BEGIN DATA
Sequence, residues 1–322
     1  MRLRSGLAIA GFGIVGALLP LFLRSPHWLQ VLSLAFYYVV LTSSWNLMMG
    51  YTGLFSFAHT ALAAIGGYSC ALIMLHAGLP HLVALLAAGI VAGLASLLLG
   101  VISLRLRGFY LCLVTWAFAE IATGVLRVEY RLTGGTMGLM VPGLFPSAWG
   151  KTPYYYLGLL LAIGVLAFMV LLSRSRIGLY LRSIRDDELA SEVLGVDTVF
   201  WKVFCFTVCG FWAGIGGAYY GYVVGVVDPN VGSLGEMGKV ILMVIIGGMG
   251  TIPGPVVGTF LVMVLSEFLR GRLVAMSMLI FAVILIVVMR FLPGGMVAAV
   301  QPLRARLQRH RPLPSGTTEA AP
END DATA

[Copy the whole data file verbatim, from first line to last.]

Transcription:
Sequence, residues 1–322
     1  MRLRSGLAIA GFGIVGALLP LFLRSPHWLQ VLSLAFYYVV LTSSWNLMMG
    51  YTGLFSFAHT ALAAIGGYSC ALIMLHAGLP HLVALLAAGI VAGLASLLLG
   101  VISLRLRGFY LCLVTWAFAE IATGVLRVEY RLTGGTMGLM VPGLFPSAWG
   151  KTPYYYLGLL LAIGVLAFMV LLSRSRIGLY LRSIRDDELA SEVLGVDTVF
   201  WKVFCFTVCG FWAGIGGAYY GYVVGVVDPN VGSLGEMGKV ILMVIIGGMG
   251  TIPGPVVGTF LVMVLSEFLR GRLVAMSMLI FAVILIVVMR FLPGGMVAAV
   301  QPLRARLQRH RPLPSGTTEA AP